Free wallpapers and a generator of Delaunay triangulation patterns
I love geometric art. Within the last month a few things around the web inspired me to create something of my own that creates art based on geometrical shapes. The result of a few days of work is an interactive tool that allows anyone to create beautiful geometric patterns like this:
You can view the interactive demo (the finished tool) at: http://msurguy.github.io/triangles/.
The source code of the project is released under flexible MIT license at: https://github.com/msurguy/triangles and allows you to modify or use the project as you wish. Please star the project if you like it.
This project allows you to create beautiful high quality images featuring a nice pattern created from Delaunay triangulation and applying a flat surface shader. These images could be used for:
- Blog post headers
- Twitter and Facebook profile headers
- And more
My tool provides export to PNG and SVG formats. With SVG format you could create an image of virtually any size, even as big as a billboard. Go crazy with it!
The game Monument Valley had a few low-polygon scenes with moving water that looked amazing while remaining simple in its structure, mainly consisting of differently-shaded triangles. Here’s a screenshot from the game that served as an inspiration for creation of my new tool:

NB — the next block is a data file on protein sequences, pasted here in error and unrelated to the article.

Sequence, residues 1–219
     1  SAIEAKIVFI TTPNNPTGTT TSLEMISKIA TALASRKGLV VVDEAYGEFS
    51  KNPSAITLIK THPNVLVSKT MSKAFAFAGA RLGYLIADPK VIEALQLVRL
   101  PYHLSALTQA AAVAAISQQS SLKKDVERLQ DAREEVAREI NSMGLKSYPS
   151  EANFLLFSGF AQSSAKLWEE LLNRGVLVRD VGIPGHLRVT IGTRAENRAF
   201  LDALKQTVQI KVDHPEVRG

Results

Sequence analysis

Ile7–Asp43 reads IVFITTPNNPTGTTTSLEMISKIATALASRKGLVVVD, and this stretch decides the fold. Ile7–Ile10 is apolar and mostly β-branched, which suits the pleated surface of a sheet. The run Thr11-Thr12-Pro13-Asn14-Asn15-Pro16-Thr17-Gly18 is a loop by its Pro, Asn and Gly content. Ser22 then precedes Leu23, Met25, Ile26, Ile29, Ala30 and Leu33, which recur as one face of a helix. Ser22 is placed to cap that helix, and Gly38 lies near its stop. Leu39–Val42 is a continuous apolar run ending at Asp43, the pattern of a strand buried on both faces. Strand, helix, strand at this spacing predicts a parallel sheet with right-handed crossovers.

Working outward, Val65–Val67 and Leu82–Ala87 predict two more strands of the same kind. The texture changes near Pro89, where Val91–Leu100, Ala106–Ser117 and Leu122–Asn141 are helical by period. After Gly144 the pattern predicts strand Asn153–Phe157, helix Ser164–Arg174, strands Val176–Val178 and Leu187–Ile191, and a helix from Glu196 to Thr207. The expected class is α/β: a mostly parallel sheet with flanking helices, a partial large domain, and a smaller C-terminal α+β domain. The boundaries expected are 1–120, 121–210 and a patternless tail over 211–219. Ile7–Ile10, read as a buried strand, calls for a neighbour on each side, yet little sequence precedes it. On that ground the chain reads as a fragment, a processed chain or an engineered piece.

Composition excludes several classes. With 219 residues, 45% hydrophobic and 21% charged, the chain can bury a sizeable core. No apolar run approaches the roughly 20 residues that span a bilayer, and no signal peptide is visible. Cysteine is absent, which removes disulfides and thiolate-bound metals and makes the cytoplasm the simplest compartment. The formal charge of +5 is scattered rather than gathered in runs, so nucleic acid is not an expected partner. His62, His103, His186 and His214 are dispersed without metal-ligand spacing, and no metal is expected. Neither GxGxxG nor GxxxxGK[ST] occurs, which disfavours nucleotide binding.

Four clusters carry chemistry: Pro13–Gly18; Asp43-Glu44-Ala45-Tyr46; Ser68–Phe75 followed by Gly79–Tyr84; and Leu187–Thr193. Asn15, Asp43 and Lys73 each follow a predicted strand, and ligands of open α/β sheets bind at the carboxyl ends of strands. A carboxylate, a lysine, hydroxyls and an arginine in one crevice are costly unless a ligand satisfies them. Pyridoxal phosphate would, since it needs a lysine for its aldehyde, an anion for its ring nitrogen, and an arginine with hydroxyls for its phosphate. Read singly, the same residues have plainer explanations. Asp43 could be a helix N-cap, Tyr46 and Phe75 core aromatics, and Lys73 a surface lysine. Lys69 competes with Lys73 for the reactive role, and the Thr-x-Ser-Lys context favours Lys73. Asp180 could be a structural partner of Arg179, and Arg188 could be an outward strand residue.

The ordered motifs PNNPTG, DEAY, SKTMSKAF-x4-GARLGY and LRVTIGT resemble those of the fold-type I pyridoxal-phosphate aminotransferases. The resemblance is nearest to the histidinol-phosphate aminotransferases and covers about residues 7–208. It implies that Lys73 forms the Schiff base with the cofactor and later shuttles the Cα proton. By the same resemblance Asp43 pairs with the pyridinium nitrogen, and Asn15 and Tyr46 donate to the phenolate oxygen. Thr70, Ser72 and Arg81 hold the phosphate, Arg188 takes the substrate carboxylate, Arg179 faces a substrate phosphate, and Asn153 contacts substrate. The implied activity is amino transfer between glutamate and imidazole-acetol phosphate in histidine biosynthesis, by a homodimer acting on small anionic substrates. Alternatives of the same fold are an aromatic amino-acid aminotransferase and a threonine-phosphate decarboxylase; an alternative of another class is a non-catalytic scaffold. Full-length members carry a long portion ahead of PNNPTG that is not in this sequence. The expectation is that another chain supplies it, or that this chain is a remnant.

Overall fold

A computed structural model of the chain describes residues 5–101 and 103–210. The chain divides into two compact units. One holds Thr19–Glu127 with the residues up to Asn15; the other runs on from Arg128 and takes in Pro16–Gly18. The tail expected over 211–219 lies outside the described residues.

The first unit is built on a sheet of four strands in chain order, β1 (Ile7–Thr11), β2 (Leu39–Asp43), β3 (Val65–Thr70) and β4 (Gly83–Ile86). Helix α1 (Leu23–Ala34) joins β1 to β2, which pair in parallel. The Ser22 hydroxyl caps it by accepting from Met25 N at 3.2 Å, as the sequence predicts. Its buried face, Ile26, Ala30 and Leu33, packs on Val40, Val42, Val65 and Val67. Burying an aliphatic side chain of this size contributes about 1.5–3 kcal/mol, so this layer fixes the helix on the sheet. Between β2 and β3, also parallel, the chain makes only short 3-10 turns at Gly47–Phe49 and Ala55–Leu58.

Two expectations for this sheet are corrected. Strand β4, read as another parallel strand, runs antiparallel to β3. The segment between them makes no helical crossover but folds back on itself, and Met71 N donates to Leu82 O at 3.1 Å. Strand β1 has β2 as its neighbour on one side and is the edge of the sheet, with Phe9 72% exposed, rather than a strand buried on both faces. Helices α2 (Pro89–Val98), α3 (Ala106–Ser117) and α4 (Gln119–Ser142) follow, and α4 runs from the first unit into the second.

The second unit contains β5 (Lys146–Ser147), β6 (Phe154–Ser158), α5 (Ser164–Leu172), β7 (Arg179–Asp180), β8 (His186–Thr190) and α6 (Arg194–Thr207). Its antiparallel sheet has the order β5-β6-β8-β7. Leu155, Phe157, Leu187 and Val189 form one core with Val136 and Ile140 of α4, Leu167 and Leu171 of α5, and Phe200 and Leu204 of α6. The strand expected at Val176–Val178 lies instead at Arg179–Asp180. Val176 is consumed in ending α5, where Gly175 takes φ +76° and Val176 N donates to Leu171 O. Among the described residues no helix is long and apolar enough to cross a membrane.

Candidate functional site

This inspiration prompted me to think creatively about a tool that will enable users to make beautiful geometrical patterns, and when two weeks ago I fell ill with flu, I had the time and inspiration to go from an idea to a finished product (This story is similar to how Bootsnipp was made). I called this tool: “Delaunay Triangulation pattern maker”. In its core, the tool uses an algorithm of creating a set of triangles that have a certain minimum angle between each of the edges. This maximization of the minimum angle creates visually appealing triangles. The algorithm of creating the triangles this way is called “Delaunay triangulation“, named after a Russian mathematician Boris Nikolaevich Delaunay. Random fact: Boris Delaunay had Georgy Voronoy (known for his Voronoi Diagram) as an advisor in his doctoral studies. No wonder Delaunay triangulation reminded me of Voronoi diagram when I first learned about it.
Delaunay triangulation is an algorithm that produces a set of triangles that share vertices while having a certain minimal angle between the edges, eliminating triangles that appear too skinny. You can see a small example of Delaunay triangulation in action below:
I thought to myself: “Wouldn’t it be nice if you can color these triangles in, following some color progression so that the overall image looks uniform and consistent?”. I came up with a few ways to achieve this result. My first attempt was a failure but the second one – a success.
Failed attempt of building a shader
The initial attempt of building my tool involved finding an efficient implementation of Delaunay triangulation and using it to generate a pattern in the browser. The fastest implementation that I found was this one by Github user “Ironwallaby”: https://github.com/ironwallaby/delaunay. It proved to be very quick in connecting a large number of randomly placed vertices into Delaunay triangles. With this step done, I thought I could come up with an algorithm of coloring the triangles and have it create the patterns for me that I could then work with.